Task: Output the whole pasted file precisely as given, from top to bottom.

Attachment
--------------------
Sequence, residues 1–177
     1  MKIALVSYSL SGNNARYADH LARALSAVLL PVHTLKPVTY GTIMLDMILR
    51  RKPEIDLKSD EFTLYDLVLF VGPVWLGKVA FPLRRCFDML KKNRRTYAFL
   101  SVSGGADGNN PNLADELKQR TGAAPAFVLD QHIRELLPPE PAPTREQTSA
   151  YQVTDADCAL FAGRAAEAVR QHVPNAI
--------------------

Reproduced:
Sequence, residues 1–177
     1  MKIALVSYSL SGNNARYADH LARALSAVLL PVHTLKPVTY GTIMLDMILR
    51  RKPEIDLKSD EFTLYDLVLF VGPVWLGKVA FPLRRCFDML KKNRRTYAFL
   101  SVSGGADGNN PNLADELKQR TGAAPAFVLD QHIRELLPPE PAPTREQTSA
   151  YQVTDADCAL FAGRAAEAVR QHVPNAI